On being … a rhetorical question
Talk about a no brainer. I mean, really. Trick or treat? Who chooses trick?
Though Halloween isn’t until tomorrow -- Halloween candy has been in the stores since Labour Day, so I’m sure you have yours by now. I’m told we don’t get kids coming to the door here, so I didn’t buy any. The fact that I “helped” my mother pick out what she’d be handing out -- you know, just in case there are leftovers that I might have to “help” her get rid of the next time I’m home -- doesn’t really count.
Every year there are two things that surprise me about Halloween candy: how early it appears on the store shelves, and the tremendous variety produced. I suppose I should be embarrassed to admit this, but over the last month I’ve spent more than a few minutes perusing the Halloween candy aisles. I love checking out what variations of the old standards they’ve come up with. This year, for example, I noticed Mint 3 Musketeers and Dark Chocolate Rocky Road Snickers. What will they think of next?
The process of choosing what Halloween treats to hand out is interesting. I couldn’t believe my mother was indifferent to what she gave out. She grew up in Europe so she never developed a taste for Snickers bars, Reese cups, M&Ms, or any of the other North American favourites. But even so, I couldn’t believe she didn’t care what she handed out.
My approach to choosing Halloween candy is very much like my approach to gift giving: if you know the recipient really well, by all means, give them something that is to their liking. But, if you don’t know the recipient well (and of course, anonymous ghouls and goblins knocking on your door generally fit in this category), I’ve always believed you should give something you’d like to receive.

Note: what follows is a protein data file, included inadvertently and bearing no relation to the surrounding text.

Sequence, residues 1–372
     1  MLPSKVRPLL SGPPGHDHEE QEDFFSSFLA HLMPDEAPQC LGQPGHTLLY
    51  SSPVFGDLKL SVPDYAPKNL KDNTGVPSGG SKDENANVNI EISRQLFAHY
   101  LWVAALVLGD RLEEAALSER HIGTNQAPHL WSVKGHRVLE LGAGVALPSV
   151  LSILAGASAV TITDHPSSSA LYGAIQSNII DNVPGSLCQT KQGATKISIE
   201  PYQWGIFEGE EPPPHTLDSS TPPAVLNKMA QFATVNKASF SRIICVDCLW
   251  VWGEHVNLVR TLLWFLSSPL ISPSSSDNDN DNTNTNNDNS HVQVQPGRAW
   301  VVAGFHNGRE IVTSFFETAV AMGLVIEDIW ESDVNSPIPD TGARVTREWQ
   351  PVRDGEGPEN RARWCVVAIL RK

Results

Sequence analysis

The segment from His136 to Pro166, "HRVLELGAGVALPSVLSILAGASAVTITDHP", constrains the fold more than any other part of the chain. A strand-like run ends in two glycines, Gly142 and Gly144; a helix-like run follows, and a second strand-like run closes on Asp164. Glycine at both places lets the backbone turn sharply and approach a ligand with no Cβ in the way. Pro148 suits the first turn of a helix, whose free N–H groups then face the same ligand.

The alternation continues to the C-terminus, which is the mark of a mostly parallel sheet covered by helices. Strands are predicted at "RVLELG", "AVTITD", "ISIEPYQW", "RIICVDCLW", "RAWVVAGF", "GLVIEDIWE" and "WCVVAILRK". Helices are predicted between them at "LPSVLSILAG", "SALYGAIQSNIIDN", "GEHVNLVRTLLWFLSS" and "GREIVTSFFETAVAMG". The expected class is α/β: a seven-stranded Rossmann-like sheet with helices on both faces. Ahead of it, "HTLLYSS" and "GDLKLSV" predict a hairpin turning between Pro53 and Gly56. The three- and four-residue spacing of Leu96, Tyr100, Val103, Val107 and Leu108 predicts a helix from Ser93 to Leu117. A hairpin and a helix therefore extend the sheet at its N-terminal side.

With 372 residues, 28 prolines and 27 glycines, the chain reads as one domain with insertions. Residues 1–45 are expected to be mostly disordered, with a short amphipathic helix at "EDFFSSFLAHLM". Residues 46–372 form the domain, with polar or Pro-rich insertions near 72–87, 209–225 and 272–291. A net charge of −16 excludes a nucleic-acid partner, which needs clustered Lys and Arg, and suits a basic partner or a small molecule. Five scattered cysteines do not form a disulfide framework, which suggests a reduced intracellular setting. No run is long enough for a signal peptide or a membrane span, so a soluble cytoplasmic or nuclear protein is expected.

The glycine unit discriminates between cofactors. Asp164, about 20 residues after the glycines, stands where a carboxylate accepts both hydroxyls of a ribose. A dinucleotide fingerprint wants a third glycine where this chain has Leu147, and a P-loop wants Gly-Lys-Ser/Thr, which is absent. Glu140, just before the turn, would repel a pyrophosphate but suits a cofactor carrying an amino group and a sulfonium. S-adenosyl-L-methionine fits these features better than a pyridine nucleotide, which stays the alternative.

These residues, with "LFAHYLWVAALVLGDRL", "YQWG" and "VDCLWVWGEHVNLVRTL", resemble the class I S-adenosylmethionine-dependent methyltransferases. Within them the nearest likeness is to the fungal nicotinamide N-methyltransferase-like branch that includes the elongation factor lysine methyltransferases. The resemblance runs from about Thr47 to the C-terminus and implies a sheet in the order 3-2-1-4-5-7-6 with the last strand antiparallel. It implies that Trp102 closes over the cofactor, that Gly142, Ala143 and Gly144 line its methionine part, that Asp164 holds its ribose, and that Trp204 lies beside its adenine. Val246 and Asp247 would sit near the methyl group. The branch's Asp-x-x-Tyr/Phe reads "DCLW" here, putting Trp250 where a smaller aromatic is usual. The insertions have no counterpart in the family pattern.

I’m not sure when or how I developed that philosophy, but it’s been the rationale behind my giving for some time. (As I write this, I can’t help wonder how many of you have just mumbled, “well, that explains why she gave me -- (fill in the blank)!”) Anyway, regardless of what you think of that philosophy, vis-à-vis Halloween candy there’s little down side to it applying it – and a potential up side if there’s any left over.
My recent forays into Halloween candy land got me thinking about what I consider a treat. Like many, for me there are certain foods that always constitute a treat. As odd as it may sound, the first thing that comes to mind in this category is fresh figs. To me, there’s something divine about them. I often wonder whether part of the reason they’re such a treat for me is because I don’t live in a fig-growing climate, which means they’re relatively rare here… In any event, without a doubt, if I’m somewhere and figs are available (whether for sale, or on a menu, or whatever), I’m a happy woman.
But treats aren’t limited to food items. There are many non-food things that qualify as treats to me. Something as simple as a shower after a weekend on the boat, or a mid-afternoon nap, can also be wonderful treats. Interestingly, the extent to which I appreciate something as a treat has nothing to do with the cost -- it’s about how it makes me feel.
I don’t remember when I realized this, but once I did -- it didn’t take long for me to figure out that -- unlike when we you are a child -- as an adult, you don’t have to rely on anyone else to provide you with treats. Indeed, one of the great things about growing up is the fact that raising your spirits is often as easy as treating yourself to a little something. Doing so is empowering on many levels.
Of course, there’s no denying that there’s something extra special about being treated to something by someone else. But even in this regard, my appreciation of what constitutes a treat has evolved. As I get older, the types of treats I appreciate most from others usually don’t involve an object or anything that costs money. Instead, the best treats have to do with the person spending time with me, or doing something for me that I may not like doing.
Well, there you have it -- my two cents on treats. Not only do treats can come in all shapes, sizes, and flavours, they can take the form of an act or action. The key is that their effect is as a little pick-me-up that helps reminds us of how sweet life can be. So clearly, as between a trick or a treat -- the choice is obvious.
That said, I have one last word of advice on the topic. On Halloween, if someone dressed kind of funny asks you: “Trick or treat?” don’t bother with a lengthy answer -- they’re asking it in a strictly rhetorical sense. Instead, give them some candy and they’ll be gone. Trust me.
© 2008 Ingrid Sapona